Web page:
- Chapter 23: Shooting a Gun
- Chapter 24: A First-Person Shooter
- Chapter 25: A 3D Maze
- Chapter 26: Fractal Land
- Chapter 27: Terrain Generation with Terragen
- Chapter 28: Trees That Grow
- Chapter 29: Networking Basics
- Chapter 30: Network Chat
- Chapter 31: A Networked Two-Person Game
- Chapter 32: A Networked Virtual Environment
- Appendix A: Installation Using install4j
- Appendix B: Installation Using Java Web Start
Most Helpful Customer Reviews
This book is extremely helpful to any looking to program awsome games, the author dose an amazing job of teaching you how to program games. He starts off with an aproach of 2D game pogramming, platformers and such, and then he gets to the really fun part: 3333333DDDDDDDD!!! He explains 3D shape generation classes and motion techniques. He really simplifies both 3D and 2D game programming in a fairly simple layout. And if you're worried about the speed and the console ability STOP: now a days the java 7 compiler is not any slower than c++. It is true that there is no java compiler on the sony playstation, but it is made up for by the xbox which DOSE have a java compiler.
Until very recently, there was no serious commercial game development in Java. For various reasons of varying validity, as Davison explains. The most compelling being the slowness of Java bytecode compared to C/C++ binaries, and the lack of a Java compiler on the Sony Playstation. But if you are pondering doing a Java game nowadays, then things look brighter. The latest Java 5 Hotspot compiler can mean that Java code is now only about 10% slower. For all but the most extreme twitch games, this delay might be acceptable. While there is still no official Java compiler for the Playstation, two things counterbalance. The number of PCs is much larger, and Java compilers exist for these. Also, games for mobile devices (which basically means cellphones) are rising hugely. Here, there are no high resolution and big screen twitch games. So the Java graphics is usually quite adequate. The book shows how to use Java 5 to handle video, audio and graphics in a combined manner for a game. The examples are somewhat minimal. Due mostly to practical limitations on book size. (It's large enough as is.) All of the example games have trivial graphics. You'll have to investigate with a protracted non-trivial case study if indeed Java 5 works for you to make games.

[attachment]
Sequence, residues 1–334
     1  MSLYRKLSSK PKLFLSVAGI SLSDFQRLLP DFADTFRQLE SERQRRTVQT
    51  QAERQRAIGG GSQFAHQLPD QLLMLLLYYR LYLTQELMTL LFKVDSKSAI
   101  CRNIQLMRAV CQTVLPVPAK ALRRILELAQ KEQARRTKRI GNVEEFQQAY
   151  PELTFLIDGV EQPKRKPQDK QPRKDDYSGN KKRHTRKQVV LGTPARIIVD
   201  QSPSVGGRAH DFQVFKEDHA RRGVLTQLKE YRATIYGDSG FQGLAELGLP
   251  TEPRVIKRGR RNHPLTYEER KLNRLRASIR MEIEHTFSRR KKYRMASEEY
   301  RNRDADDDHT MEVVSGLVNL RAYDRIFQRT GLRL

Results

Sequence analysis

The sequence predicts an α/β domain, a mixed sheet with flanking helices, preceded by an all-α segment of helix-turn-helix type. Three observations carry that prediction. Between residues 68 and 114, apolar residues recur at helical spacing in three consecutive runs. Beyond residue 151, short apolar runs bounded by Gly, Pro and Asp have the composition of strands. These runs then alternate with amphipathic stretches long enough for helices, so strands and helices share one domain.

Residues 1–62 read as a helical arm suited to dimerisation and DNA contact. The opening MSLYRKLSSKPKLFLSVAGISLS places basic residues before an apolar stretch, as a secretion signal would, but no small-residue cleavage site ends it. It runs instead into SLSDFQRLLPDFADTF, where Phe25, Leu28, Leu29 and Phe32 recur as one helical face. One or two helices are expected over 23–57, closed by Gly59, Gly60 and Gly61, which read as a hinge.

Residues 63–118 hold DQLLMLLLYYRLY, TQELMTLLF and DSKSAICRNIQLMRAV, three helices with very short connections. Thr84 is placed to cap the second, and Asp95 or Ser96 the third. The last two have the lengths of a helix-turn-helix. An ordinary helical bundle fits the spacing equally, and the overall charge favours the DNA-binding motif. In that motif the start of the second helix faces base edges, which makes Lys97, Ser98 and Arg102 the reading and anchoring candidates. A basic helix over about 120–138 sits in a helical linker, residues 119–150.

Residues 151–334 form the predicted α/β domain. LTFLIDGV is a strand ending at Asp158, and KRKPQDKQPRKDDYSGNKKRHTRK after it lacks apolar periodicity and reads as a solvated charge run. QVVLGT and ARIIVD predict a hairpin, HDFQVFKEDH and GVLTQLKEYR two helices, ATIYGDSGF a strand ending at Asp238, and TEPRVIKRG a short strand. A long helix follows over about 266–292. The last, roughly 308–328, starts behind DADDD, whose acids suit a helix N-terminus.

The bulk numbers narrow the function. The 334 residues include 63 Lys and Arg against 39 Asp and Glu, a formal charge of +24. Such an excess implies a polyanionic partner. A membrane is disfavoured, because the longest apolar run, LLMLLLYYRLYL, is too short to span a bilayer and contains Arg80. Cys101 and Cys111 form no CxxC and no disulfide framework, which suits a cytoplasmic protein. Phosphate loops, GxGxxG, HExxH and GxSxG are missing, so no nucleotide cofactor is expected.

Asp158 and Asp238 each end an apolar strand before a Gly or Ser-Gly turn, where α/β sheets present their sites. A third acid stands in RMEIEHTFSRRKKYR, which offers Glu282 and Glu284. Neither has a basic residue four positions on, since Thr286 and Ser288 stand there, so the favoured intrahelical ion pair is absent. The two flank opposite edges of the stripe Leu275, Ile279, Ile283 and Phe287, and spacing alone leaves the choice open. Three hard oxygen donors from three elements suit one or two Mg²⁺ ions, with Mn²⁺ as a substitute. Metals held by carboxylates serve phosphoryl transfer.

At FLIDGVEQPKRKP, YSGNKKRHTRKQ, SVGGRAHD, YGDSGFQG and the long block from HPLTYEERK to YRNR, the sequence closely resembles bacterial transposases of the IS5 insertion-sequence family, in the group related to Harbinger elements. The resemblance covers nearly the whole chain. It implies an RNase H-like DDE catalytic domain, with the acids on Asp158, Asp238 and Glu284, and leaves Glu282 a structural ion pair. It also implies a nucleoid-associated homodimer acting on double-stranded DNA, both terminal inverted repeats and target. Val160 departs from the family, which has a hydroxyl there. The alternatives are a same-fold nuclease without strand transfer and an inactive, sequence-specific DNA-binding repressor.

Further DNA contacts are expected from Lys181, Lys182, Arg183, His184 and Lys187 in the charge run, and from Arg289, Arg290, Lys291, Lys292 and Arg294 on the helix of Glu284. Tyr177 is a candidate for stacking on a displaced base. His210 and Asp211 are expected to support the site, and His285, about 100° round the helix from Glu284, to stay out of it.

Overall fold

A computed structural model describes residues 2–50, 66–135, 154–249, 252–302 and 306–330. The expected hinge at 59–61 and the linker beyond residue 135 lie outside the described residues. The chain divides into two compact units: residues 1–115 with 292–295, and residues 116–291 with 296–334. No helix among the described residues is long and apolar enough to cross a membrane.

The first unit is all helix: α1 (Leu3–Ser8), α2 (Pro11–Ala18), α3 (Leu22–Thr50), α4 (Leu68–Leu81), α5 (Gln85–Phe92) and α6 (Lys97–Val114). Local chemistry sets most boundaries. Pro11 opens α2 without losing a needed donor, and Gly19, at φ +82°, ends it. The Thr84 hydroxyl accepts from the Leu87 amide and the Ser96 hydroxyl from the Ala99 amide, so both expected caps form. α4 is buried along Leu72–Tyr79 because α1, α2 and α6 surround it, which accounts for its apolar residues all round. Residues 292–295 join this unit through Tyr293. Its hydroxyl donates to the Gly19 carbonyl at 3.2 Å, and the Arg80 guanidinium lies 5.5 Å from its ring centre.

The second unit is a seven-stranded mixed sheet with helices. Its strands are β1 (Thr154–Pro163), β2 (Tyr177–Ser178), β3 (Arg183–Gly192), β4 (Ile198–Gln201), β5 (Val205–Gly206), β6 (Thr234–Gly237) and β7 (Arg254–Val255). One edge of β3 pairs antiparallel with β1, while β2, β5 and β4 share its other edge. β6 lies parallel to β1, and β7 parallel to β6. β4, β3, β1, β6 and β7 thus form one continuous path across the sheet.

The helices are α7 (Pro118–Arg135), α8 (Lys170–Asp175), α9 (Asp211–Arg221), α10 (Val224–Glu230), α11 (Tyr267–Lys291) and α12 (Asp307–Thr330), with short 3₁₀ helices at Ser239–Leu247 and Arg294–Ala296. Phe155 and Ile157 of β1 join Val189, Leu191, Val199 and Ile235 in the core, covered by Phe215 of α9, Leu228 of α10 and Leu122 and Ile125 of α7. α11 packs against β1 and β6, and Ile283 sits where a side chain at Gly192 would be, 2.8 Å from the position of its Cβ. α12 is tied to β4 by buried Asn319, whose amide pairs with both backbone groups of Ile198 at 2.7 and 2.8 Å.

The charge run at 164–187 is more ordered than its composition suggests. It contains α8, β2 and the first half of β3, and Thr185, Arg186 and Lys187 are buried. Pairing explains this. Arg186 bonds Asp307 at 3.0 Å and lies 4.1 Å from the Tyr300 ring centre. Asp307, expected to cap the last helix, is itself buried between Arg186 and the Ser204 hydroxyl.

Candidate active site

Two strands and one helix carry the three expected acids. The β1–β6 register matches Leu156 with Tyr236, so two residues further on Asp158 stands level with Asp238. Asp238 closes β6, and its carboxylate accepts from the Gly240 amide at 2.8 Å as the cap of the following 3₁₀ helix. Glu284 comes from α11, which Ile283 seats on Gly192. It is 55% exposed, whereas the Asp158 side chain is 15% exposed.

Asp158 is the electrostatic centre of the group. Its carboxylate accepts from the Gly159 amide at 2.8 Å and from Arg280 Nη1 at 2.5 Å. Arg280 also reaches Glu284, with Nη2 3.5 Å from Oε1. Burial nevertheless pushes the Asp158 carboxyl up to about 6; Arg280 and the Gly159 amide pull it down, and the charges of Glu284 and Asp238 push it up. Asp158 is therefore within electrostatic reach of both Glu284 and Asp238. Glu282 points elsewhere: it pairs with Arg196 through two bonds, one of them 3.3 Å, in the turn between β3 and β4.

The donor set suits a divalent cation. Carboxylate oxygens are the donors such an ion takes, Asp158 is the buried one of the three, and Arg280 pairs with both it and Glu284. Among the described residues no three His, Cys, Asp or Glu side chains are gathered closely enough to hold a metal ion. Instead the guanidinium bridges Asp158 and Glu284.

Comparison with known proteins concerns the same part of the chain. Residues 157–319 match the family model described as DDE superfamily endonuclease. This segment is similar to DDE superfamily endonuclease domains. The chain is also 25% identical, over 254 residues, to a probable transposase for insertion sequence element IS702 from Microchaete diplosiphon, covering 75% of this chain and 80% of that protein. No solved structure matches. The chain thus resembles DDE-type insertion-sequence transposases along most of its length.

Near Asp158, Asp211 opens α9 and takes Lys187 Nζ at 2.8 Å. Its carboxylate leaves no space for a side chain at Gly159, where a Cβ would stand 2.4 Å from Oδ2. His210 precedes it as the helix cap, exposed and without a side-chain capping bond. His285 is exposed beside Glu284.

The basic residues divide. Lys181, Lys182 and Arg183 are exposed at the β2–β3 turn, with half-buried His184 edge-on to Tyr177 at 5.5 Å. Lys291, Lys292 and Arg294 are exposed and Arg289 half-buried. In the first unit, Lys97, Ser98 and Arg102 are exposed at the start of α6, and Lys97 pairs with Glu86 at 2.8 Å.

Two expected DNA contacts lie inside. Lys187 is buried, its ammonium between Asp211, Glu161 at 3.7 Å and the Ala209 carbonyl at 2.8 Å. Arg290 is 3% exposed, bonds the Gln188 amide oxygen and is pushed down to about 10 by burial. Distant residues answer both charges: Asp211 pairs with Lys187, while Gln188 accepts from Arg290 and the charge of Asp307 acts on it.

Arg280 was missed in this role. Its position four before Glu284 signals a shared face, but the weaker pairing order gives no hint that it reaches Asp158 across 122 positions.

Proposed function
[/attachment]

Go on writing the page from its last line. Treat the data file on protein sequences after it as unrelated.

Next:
I think I was the wrong audience for this book. This book seems aimed at people who already know game development and Java and are looking for techniques to adapt their current knowledge to the Java paradigm. If you're an experienced game developer who's looking to transfer your existing knowledge to Java, this is probably the book for you. As for me, it was a bit over my head.
You may think that many commercial games are not made with java and that is true but one of the most sucsessful indie games of all time was writen in java. That game is minecraft by markus persson (notch)
"testosterone-drenched games" wat